In brief: Davis withdraws from mayor’s race
Chicago – U.S. Rep. Danny Davis withdrew his candidacy from the Chicago’s mayor race Friday, leaving former U.S. Sen. Carol Moseley Braun as the only remaining prominent black candidate in the campaign.
Davis, who announced his decision alongside Braun at a New Year’s Eve news conference, said the decision was an act of unity for blacks in the city. The two Democrats had been under pressure from African American leaders in the city for weeks to agree on a so-called consensus candidate to unify black votes.
Some black leaders believe it is necessary for a unity black candidate to compete against former White House chief of staff Rahm Emanuel, former school board president Gery Chico and others in the campaign to replace retiring Mayor Richard Daley.
Cessna, helicopter collision kills two
Weyers Cave, Va. – A small aircraft collided with a medical helicopter in the air Friday afternoon in rural western Virginia, killing two people on the plane, federal aviation officials said.
Federal Aviation Administration spokesman Jim Peters said the collision occurred about 2:30 p.m., a half-mile north of the Shenandoah Valley Regional Airport in Weyers Cave.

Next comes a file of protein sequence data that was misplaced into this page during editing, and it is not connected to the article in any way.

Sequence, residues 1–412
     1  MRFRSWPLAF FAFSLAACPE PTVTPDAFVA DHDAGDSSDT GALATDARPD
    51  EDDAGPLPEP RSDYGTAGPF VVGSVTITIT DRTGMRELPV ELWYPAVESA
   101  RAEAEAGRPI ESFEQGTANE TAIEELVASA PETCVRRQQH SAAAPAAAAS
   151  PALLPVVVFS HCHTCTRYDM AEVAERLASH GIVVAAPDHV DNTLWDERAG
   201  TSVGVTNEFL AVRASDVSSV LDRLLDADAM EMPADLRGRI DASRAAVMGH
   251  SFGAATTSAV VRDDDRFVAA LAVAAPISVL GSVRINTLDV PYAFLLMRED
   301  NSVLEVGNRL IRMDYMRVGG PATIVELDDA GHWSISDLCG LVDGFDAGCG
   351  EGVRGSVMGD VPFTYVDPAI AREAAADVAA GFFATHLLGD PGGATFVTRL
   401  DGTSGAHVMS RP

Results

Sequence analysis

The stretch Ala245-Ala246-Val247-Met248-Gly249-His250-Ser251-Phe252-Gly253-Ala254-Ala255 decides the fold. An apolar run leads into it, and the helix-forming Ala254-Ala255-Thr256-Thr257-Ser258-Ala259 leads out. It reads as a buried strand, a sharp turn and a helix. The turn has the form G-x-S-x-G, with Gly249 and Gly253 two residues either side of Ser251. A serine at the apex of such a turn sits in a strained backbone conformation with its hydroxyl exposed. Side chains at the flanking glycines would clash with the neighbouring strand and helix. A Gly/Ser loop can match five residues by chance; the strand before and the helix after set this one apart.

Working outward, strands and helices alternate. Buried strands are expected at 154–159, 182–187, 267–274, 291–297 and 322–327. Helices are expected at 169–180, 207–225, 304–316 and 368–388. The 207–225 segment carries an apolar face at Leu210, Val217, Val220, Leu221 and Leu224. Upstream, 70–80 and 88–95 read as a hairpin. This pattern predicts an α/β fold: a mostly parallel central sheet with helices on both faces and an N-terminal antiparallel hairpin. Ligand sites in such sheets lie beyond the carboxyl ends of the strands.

The two people killed were aboard a Cessna 172 plane. Their names weren’t immediately released. Peters said the helicopter, with three people aboard, was damaged but landed safely.
State police spokeswoman Corinne Geller said the helicopter had just dropped off a patient at the University of Virginia Medical Center and was returning to the airport when the accident occurred.
Peters said it appeared the helicopter was attempting to land and the Cessna was taking off when they collided.
Re-enactment of autopsy canceled
Los Angeles – Discovery Channel International has indefinitely postponed the broadcast of a show purporting to re-enact Michael Jackson’s autopsy, the company announced Friday.
The company cited the start of hearings next week in the criminal case against Jackson’s doctor and a request by the late superstar’s estate as reasons for the postponement.
John Branca and John McClain, co-executors of Jackson’s estate, accused Discovery of insensitivity toward the singer’s family in a letter Wednesday demanding that the company cancel plans for the program.
The singer died on June 25, 2009, of what was later found to be acute Propofol intoxication.